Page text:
To make an ice bath, fill a big bowl with ice and water while the eggs boil, and have a slotted spoon ready. The ice bath will stop the eggs from cooking when you remove them from the boiling water. When the timer dings, and using the slotted spoon, immediately move the hard-cooked eggs from the boiling water to the ice bath.
Why This Method is the Best
There are countless methods for hard-boiling eggs out there that sometimes use extra equipment and wildly varying cook times. You can just not even bother with all of that! Starting the eggs in cold water uses the same principles as for how you cook potatoes. Starting with cold water allows the entire egg to cook more evenly and at the same speed.
The egg white and egg yolk cook at very different temperatures and times. Starting with cold water ensures that both the white and the yolk comes up to temp at the same time. Coupled with a small amount of carry-over cooking, using the 9-minutes-from-the-boil method will always ensure perfect hard-boiled eggs.
How to Store Hard Boiled Eggs
If you plan to cook the eggs and hold them in the fridge, it is best to not peel them and keep them in the shell. Keeping the eggs in the shell will help to prevent the eggs from absorbing any odors or off-flavors that can be present in the refrigerator. If your eggs are peeled, it’s best to use them as soon as possible for the best results or store them in an air-tight container in the refrigerator.
Now that you have perfectly hard-boiled and peeled your eggs, what do you do? I’m glad that you asked because there are so many egg recipes you can make with hard-boiled eggs! Eggs are a delicious protein-filled snack that is delicious with a little salt and pepper, good on sandwiches, and even added to avocado toast!
Here are some delicious recipe ideas that use hard-boiled eggs:
Generally speaking, hard-boiled eggs that have been cooked and cooled correctly will last anywhere from a week to ten days in the refrigerator.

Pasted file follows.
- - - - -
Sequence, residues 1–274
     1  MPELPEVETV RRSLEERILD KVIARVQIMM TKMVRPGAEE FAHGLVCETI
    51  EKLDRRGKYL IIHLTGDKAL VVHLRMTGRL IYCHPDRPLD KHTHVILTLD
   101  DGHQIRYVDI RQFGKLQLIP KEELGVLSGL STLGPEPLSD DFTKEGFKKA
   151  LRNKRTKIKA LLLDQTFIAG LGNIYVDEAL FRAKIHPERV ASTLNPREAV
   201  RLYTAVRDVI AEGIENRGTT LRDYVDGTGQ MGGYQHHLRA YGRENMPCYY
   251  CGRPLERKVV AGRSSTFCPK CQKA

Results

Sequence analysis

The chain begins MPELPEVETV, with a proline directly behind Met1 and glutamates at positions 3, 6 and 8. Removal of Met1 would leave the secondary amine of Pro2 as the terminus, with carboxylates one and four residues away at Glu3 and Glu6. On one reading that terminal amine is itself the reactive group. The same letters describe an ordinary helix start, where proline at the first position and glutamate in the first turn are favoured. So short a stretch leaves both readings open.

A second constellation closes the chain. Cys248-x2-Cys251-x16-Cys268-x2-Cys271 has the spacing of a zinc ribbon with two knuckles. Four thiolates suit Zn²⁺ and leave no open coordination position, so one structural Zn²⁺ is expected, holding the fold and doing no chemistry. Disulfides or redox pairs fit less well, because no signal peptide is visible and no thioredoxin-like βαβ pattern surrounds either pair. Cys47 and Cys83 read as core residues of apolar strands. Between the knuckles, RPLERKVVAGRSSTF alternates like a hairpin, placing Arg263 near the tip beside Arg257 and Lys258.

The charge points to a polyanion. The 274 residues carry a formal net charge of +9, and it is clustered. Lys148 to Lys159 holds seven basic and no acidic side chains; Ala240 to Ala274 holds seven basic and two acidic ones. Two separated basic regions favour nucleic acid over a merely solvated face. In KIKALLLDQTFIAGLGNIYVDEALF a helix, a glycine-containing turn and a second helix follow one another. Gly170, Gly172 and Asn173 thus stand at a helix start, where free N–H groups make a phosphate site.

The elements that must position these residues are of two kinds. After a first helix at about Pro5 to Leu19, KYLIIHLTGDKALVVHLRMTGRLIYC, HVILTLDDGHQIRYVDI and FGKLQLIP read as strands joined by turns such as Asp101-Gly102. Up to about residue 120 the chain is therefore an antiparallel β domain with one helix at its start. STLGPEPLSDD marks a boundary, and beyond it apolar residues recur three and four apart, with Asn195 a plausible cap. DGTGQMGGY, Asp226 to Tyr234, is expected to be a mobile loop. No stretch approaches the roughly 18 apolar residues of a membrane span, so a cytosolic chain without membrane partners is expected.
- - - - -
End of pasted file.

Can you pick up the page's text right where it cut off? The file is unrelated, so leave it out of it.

Submerging eggs in an ice bath after cooking makes it much easier to peel the hard boiled eggs.
As noted, the colder the egg, the easier it is to peel it. You can either use an ice bath to cool eggs, place them in the fridge, or at the very least let them cool on the counter for 15 minutes before peeling.
More Ways to Make Eggs
How to Poach Eggs
How to Make Soft-Boiled Eggs
How to Make Fried Eggs
How To Make Over Easy Eggs
Air Fryer Eggs: 3 Ways!
Hard Boiled Eggs
- 6-12 large eggs
- Gently place your egg, or eggs, into a saucepan.
- Fill the saucepan with enough cold water to cover the eggs by about an inch or so.
- Place your saucepan of eggs and water on your stove and bring the pot to a boil over high heat.
- Make sure to have a timer set for nine minutes ready to go!
- As soon as the water hits a rolling boil, start your nine-minute timer.
- When the timer goes off, carefully move your eggs to a bowl with a spoon or tongs and cover with ice and water for an ice bath.
- Let the eggs cool completely for ten minutes or so before you start to peel them.
- Once the eggs are cold, gently tap the egg on all sides to crack the shell and begin to peel away the eggshell.